Church of the Crossroads was the recipient of a Freeman Grant in 2014 catalyzing a three phase campus-wide roofing project which was recently completed.
Church of the Crossroads was founded in 1923 by students of the Mid-Pacific Institute and of McKinley High School as Hawaii’s first interracial congregation. From inception, the church has emphasized community interaction, been multi-racial and attempted to eliminate distinctions between members and non-members.* It’s listed on both the State and National Registers of Historic Places and is significant for its association with the twentieth century social history of Honolulu and as an example of the work of Claude Stiehl, master architect. Click here to learn more.
The grant was used to re-roof the sloping roofs of three historic buildings and the covered walkway, or loggia, that links them together around the main courtyard of the Church of the Crossroads campus. The existing cedar shingle roofing needed to be replaced, and the cost of replacing it with the same historically-appropriate material too high for the church to do by itself. The work was done by a well-qualified and conscientious contractor using the proper specifications, both for the materials and their installation, for long-life expectancy for the new roof.
To protect the structural and historic integrity of an architecturally and socially significant set of buildings and do so in keeping with the visual appearance of the historic cedar shingle roof as viewed from the ground inside and outside the property. The roof needed to be repairable, resistant to too much heat gain and strong enough to resist being swept away by wind.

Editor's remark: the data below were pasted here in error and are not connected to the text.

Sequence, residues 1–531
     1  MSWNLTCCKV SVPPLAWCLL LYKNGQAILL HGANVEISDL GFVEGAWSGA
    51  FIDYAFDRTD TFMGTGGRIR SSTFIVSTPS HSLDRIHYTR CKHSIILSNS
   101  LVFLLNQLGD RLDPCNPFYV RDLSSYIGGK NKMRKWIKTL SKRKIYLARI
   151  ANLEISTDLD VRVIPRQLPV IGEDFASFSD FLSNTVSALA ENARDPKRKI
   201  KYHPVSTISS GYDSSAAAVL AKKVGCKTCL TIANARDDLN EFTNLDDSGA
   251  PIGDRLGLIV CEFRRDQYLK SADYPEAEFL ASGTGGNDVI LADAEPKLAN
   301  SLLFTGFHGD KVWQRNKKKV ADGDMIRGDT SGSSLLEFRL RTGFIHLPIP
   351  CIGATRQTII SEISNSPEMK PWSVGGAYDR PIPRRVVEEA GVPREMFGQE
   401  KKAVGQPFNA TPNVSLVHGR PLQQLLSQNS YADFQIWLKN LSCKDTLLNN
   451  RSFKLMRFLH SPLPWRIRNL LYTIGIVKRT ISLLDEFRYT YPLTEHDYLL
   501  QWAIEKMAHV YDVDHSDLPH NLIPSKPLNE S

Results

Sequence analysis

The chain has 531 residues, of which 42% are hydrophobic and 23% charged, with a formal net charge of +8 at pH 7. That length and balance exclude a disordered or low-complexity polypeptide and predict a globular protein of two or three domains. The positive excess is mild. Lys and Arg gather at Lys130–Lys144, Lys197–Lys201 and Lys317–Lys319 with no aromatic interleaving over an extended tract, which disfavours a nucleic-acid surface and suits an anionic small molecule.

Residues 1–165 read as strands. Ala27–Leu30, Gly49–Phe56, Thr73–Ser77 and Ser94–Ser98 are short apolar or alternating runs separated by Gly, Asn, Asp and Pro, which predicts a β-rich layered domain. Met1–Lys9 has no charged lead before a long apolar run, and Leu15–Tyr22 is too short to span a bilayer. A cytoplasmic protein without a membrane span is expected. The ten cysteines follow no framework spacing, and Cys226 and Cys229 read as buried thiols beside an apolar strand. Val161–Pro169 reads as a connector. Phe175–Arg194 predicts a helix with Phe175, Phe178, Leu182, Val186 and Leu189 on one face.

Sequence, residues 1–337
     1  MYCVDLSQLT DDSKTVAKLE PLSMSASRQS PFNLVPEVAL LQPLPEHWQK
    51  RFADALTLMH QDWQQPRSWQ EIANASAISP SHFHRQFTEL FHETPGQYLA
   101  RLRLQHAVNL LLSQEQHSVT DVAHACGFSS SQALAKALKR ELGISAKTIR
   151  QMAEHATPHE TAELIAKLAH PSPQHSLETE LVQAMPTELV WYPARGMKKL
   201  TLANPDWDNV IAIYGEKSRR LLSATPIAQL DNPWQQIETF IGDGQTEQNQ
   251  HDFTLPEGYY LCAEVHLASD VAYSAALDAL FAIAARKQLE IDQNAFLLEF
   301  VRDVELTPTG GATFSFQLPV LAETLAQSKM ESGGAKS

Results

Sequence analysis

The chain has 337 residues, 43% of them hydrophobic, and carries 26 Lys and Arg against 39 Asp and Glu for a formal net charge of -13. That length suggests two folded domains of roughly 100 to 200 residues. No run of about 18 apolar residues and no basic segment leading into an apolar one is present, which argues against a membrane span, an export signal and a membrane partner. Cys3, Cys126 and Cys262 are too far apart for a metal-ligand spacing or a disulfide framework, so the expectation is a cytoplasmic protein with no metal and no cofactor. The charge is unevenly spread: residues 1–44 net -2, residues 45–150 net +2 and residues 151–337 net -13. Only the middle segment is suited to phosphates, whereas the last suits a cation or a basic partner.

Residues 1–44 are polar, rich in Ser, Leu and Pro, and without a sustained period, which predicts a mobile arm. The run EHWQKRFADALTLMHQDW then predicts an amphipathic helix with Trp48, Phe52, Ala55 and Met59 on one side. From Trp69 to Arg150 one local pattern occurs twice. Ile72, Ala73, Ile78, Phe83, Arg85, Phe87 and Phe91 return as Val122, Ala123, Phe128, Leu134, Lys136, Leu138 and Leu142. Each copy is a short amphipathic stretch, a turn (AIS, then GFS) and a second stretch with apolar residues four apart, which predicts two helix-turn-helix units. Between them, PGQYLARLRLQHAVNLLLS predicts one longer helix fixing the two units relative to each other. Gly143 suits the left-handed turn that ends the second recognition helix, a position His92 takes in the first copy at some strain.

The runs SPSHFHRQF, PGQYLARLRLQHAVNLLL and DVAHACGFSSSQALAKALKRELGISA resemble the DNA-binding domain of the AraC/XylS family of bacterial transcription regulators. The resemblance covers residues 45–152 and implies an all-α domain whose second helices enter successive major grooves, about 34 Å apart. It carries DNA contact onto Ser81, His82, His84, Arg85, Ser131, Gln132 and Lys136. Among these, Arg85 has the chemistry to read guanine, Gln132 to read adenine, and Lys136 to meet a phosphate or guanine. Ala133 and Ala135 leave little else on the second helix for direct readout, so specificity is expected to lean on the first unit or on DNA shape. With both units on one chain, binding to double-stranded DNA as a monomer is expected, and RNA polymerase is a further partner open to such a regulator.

*Noted from National Register of Historic Places nomination form.
The initial grant inspired the congregation to move forward with the full three-phase project as noted below by Richard Tillotson of Church of the Crossroads:
December 5, 2017
I thought you would be interested in seeing this photo of the new roof on Weaver Hall at Church of the Crossroads. It’s the final building in the third phase of the campus-wide, re-roofing project we began some four or five years ago.
All the buildings on campus now have new roofs with historically appropriate cedar shingles consistent with the church’s status on the National Registry of Historic Places. It was the $50,000 grant from the Freeman Foundation, administered by the Historic Hawai‘i Foundation, that got all this started.
Even before then, it was the conversations we had with you which gave us the idea of dividing the project into phases, focusing each phase on buildings with a specific mission. This was crucial for our fundraising process.
Ultimately, more than half of the campus-wide cost for the roofs – approximately $320,000 – was paid for with church member donations and bequests, but it was the HHF grant that got us started and got us started in the right direction at a time when we really needed the encouragement.
Mahalo! And best wishes for the Holidays,